Electricity is increasingly being produced from renewable sources reducing the level of carbon intensity. Thermal losses and associated energy consumption have considerably reduced as a result of improvements to the fabric of buildings. Electric heating provides a solution that is 100% efficient at the point of use where every kWh paid for is converted into heat. Electric heating can be controlled with a higher degree of accuracy than other systems offering room by room control which can react quickly to supplementary heat gains, electric heating requires almost no annual maintenance whilst offering greater reliability and a lower capital installation cost.
Convected heat is carried around a room in the form of heated air. Air is drawn across a heating element inside the electrical heater and circulated into the room. Heated air is lighter and diffuses the colder air which is denser and raises the ambient temperature. The hotter the electric heater’s heating element, the further the convected heat will flow before diffusing into the air.
Unlike convected heat, radiant heat does not rely on the directing heat of air. It relies instead on electromagnetic infrared waves which transfer the energy and release it as heat once it strikes an object and is how the sun and fire release energy as heat.
Building Regulations Approved Document Part L demands that appropriate steps are taken for the conservation of energy by limiting heat loss and heat gain through the material of a home as well as addressing the efficiency of heating, lighting and ventilation. Part L1A applies to the conservation of fuel and power in new dwellings in England and Part L1B applies to a conservation of fuel and power in existing dwellings in England. Part L1A requires that reasonable provision is made for the conservation of fuel and power in buildings by limiting heat gains and losses through thermal elements and other parts of the building fabric and providing fixed building services that are energy efficient, have effective controls to ensure they use no more power than is reasonable in the circumstances.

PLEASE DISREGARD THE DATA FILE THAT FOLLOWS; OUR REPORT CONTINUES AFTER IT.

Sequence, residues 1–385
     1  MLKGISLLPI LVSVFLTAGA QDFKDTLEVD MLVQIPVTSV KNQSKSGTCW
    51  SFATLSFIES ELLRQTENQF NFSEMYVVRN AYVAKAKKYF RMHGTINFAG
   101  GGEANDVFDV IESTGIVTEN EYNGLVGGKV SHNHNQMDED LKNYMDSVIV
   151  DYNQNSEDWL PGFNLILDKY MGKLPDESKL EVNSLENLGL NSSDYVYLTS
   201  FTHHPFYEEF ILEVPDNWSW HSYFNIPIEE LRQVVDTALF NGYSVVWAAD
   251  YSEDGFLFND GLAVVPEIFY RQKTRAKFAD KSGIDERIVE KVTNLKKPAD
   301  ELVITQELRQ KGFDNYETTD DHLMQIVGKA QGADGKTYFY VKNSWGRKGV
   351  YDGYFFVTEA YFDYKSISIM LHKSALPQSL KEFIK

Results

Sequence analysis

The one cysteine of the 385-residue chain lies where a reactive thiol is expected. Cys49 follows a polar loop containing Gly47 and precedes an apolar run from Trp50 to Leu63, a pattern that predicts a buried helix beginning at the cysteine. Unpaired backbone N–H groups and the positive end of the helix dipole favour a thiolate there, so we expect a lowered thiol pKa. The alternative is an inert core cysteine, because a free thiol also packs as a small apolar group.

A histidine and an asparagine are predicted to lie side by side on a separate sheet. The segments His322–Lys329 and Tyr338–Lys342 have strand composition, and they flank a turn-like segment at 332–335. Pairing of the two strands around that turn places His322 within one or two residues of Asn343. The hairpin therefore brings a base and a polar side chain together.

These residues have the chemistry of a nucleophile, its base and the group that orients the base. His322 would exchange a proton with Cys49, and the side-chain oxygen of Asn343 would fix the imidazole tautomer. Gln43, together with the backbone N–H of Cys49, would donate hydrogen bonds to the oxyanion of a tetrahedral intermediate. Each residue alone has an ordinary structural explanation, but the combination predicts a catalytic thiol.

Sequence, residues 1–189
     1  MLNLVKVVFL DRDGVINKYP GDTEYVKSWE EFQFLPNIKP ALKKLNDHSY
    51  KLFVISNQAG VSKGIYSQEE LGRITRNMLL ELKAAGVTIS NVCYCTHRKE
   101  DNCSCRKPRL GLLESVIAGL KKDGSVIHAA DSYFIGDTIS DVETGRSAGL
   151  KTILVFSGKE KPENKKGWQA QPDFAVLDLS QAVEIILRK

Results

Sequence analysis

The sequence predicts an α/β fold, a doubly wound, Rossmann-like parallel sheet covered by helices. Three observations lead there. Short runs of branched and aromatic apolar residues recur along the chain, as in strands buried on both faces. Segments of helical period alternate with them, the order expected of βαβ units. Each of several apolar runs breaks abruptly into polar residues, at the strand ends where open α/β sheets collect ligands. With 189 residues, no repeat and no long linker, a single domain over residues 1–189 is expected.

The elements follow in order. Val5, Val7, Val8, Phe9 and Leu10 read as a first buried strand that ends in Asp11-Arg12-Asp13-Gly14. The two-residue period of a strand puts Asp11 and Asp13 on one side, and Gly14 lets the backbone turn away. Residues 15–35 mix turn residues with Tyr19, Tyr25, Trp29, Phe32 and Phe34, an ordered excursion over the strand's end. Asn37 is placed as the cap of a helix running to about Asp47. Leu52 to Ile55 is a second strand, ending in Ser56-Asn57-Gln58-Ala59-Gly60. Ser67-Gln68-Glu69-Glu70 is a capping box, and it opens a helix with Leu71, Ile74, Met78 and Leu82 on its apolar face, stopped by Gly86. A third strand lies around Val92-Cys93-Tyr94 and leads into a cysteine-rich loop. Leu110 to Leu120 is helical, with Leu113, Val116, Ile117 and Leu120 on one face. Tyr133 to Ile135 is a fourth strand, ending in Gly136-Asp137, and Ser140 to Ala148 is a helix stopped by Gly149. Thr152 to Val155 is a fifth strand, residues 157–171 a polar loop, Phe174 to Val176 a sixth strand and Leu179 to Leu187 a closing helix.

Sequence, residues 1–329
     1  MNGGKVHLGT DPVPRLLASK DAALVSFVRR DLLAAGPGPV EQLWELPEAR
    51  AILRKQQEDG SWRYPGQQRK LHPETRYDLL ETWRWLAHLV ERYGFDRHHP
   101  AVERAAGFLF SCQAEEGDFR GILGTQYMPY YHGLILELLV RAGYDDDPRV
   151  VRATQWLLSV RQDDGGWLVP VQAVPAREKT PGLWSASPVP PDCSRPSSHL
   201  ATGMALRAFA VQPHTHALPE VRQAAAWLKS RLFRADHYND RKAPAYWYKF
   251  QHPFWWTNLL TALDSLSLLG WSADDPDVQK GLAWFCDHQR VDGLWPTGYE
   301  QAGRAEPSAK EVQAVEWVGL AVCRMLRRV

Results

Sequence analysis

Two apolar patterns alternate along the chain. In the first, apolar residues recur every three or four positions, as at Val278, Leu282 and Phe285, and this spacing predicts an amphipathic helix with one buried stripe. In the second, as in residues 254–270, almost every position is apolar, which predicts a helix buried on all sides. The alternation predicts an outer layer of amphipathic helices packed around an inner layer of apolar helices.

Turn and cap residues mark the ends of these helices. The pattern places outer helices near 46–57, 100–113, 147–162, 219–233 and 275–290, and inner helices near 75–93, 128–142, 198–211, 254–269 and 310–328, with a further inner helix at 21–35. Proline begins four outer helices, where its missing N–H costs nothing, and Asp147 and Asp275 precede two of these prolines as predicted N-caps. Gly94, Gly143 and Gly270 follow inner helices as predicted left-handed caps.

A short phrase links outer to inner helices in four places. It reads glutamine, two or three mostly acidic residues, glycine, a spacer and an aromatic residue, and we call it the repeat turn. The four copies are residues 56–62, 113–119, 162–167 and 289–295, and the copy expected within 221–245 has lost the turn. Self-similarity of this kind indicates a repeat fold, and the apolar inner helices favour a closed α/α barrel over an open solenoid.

The Standard Assessment Procedure (SAP) is the UK Government’s recommended methodology for determining the energy rating of homes. Its purpose is to provide accurate and reliable assessments of dwelling performances needed to underpin environmental policy initiatives. SAP works by assessing how much energy a dwelling will consume when delivering a defined level of comfort and service provision.
The Dwelling Emission Rate (DER) is the actual CO2 emission rate of self-contained dwellings and individual flats (excluding common areas) based on their actual specification. The DER must not exceed the Target Emission Rate (TER).
The Target Emission Rate (TER) sets a minimal allowable standard for the energy performance of a building and is defined by the annual CO2 emissions of a notional building of the same type, size and shape to the proposed building. TER is expressed in annual kilograms of CO2 per square metre.